Partners have similar options in the area of fringe benefits and retirement plans as those available to sole proprietors.
Limited Partnership. In a limited partnership, a general partner or partners run the business and are fully liable for partnership obligations. Limited partners do not participate in the business and are generally liable only to the extent of their investment.
Limited Liability Company
A relatively new business entity is the limited liability company (LLC). A properly structured LLC combines the general flexibility and income tax treatment of a partnership with the limited liability of a corporation. Like a corporation liability is limited to invested capital, with the added benefit of allowing foreign managers and or investors as members, while avoiding corporate income taxes.
A corporation, the most complex of the business structures, is a distinct legal entity apart from the shareholders who own it. Formed under the requirements of the state in which it will do business, a corporation limits its owners’ liability to their investment in the company; personal assets are generally not at risk. However, a corporate form does not provide complete protection where personal services are involved.
Ownership interest in a corporation is easy to transfer via the sale or transfer of stock, and the corporation has relative stability and permanence.
If you set up a corporation and are employed by it, the corporation must withhold and pay payroll taxes on your wages along with those of any employees.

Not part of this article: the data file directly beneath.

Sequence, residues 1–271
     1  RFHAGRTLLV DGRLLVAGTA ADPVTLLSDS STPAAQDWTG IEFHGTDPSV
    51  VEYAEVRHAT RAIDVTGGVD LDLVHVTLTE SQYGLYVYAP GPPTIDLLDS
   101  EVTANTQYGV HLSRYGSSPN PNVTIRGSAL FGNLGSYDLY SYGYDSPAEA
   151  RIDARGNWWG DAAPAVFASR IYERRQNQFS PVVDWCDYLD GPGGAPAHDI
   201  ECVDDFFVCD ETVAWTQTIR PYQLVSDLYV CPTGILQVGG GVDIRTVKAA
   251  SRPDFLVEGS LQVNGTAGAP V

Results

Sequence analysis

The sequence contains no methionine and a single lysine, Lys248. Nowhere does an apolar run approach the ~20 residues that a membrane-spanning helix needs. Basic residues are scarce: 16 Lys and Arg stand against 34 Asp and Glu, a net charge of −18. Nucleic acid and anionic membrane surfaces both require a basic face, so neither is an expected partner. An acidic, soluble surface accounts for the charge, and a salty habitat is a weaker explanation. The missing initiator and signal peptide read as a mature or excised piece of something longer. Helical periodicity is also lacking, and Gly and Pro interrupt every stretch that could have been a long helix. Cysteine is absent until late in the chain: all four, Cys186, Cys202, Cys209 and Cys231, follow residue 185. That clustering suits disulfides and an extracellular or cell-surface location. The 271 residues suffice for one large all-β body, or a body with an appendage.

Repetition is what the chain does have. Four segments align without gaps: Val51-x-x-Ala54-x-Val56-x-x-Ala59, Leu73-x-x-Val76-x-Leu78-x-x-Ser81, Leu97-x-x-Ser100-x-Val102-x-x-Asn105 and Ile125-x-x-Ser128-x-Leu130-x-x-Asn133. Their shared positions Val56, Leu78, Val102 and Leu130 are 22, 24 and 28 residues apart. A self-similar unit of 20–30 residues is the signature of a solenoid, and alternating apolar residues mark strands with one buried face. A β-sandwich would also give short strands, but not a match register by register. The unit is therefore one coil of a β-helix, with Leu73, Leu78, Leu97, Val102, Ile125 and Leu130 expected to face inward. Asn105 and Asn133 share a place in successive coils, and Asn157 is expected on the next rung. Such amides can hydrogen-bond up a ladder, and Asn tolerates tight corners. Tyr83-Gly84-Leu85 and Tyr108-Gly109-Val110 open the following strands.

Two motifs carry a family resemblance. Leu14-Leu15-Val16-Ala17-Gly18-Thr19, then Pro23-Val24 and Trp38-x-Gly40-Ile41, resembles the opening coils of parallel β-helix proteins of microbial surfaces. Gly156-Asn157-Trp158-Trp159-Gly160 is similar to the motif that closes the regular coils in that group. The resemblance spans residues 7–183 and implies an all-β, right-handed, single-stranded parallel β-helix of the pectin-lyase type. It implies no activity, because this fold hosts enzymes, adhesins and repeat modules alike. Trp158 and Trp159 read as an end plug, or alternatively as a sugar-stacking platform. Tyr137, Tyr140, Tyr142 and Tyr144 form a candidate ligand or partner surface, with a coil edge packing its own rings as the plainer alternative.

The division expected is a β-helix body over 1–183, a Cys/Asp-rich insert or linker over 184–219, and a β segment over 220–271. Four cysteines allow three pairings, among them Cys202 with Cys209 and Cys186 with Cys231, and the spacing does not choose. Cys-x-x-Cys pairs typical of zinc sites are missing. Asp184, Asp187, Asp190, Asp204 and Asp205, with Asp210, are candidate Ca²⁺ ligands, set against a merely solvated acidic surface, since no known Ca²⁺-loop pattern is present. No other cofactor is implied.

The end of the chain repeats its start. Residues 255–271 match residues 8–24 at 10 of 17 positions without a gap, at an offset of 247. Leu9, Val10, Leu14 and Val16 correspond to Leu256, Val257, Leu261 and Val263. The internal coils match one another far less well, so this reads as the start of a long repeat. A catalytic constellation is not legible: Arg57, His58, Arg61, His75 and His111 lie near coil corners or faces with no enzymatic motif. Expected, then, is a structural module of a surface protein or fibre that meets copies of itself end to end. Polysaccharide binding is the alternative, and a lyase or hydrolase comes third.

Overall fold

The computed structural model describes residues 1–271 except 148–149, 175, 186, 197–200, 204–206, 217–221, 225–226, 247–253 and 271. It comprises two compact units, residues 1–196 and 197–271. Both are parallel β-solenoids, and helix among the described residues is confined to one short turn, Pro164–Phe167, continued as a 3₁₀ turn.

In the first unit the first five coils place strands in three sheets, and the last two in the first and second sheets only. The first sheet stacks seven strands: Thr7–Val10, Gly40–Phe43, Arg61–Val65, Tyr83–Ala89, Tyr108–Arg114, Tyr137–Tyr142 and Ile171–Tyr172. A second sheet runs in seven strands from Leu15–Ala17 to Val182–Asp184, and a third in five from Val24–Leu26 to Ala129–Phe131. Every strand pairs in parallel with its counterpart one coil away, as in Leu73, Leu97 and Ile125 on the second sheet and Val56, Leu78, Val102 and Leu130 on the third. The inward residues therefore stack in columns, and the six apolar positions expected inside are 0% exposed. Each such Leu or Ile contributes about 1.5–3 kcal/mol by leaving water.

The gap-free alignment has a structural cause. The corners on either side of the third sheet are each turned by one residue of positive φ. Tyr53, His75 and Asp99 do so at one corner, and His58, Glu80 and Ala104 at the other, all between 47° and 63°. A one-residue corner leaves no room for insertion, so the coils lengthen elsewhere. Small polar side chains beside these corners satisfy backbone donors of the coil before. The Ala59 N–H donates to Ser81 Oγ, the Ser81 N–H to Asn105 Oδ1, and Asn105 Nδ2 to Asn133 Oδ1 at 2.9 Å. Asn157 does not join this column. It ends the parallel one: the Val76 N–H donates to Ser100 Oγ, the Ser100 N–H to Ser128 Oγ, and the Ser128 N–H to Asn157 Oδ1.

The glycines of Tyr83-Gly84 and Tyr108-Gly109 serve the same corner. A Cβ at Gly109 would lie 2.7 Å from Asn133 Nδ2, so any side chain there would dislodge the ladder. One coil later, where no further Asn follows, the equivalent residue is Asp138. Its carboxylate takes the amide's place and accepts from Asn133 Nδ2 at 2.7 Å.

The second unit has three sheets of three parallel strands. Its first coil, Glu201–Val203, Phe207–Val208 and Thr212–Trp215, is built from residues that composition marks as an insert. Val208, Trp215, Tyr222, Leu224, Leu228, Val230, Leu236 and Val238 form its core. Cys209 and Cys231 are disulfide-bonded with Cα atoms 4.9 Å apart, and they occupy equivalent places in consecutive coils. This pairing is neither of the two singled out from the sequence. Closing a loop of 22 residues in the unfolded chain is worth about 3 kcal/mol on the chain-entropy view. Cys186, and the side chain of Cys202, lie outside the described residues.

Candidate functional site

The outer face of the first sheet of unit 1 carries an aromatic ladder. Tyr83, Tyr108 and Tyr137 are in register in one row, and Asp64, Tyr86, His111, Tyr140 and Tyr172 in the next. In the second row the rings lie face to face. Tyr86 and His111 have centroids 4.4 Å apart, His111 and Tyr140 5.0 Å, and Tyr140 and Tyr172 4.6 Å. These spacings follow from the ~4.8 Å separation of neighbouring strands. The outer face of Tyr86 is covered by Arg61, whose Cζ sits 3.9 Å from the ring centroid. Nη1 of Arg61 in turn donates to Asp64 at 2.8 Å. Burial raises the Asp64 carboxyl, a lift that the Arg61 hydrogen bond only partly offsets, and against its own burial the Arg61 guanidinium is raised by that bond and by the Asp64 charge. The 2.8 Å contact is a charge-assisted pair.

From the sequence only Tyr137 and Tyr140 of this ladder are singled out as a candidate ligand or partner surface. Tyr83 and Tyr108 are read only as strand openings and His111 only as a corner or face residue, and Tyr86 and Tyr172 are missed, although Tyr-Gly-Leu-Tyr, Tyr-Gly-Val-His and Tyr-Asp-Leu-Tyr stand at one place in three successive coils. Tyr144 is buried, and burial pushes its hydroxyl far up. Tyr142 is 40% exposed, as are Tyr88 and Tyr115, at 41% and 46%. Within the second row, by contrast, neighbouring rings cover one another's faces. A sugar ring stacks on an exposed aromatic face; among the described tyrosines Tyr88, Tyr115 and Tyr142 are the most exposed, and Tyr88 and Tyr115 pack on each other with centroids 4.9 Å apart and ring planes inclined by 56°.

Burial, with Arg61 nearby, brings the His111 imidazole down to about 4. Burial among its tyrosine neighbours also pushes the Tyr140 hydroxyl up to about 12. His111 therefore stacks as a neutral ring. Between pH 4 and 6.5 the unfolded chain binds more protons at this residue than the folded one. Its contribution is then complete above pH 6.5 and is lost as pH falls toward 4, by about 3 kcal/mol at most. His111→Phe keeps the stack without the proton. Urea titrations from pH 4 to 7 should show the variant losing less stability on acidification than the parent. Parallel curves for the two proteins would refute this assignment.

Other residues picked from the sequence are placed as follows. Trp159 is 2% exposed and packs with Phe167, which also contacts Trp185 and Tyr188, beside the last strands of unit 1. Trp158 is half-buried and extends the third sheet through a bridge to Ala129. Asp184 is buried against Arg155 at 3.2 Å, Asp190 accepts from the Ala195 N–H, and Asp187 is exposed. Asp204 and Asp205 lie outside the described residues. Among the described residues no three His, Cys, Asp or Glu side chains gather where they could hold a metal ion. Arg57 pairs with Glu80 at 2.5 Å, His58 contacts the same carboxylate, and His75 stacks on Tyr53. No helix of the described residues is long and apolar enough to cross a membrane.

A corporation files its own tax return (Form 1120) and pays its own income tax. In the past corporate tax rates could be as high as 35% depending on income. This all changed with the “2017 Tax Cuts and Jobs Act.” Beginning January 1, 2018, the tax rate for corporation’s changes to a flat rate of 21% this coupled with the existing lower rates on “qualified dividends” means many businesses should take a new look at regular corporations.
Another benefit is income received by shareholders as dividends is only taxed to the shareholders when received by the shareholders.
A Sub Chapter S Corporation is a regular corporation that has filed an election with the IRS to be treated as a passthrough entity. It files it’s tax return on Form 1120S, and shareholders receive a K1 reporting their share of the corporations earnings. It offers both limited liability to shareholders and passthrough of income and is not subject to tax at the corporate level. Except for the tax aspects it is just like a regular corporation.
Personal Services Business is a business that has employee-owners performing services in the fields of health, law, engineering, architecture, accounting, actuarial science, performing arts, or consulting.
The “2017 Tax Cuts and Jobs Act.” (P.L. 115-97)
Beginning January 1, 2018, Creates a deduction of as much as 20% of the Qualified Business Income for the owners, shareholders, and partners of qualified passthrough business including; Trusts, Sole Proprietorships, S-Corporations, and Partnerships. The deduction is taken on the personal tax returns of the owners, shareholders, partners and trust beneficiaries, and can effect each differently.
This deduction phases out for Personal Service Businesses owned by married taxpayers with gross income of more than $315,000 and for all others when gross income exceeds $157,000.
Warning the rules here are complex so be sure to consult your tax advisor.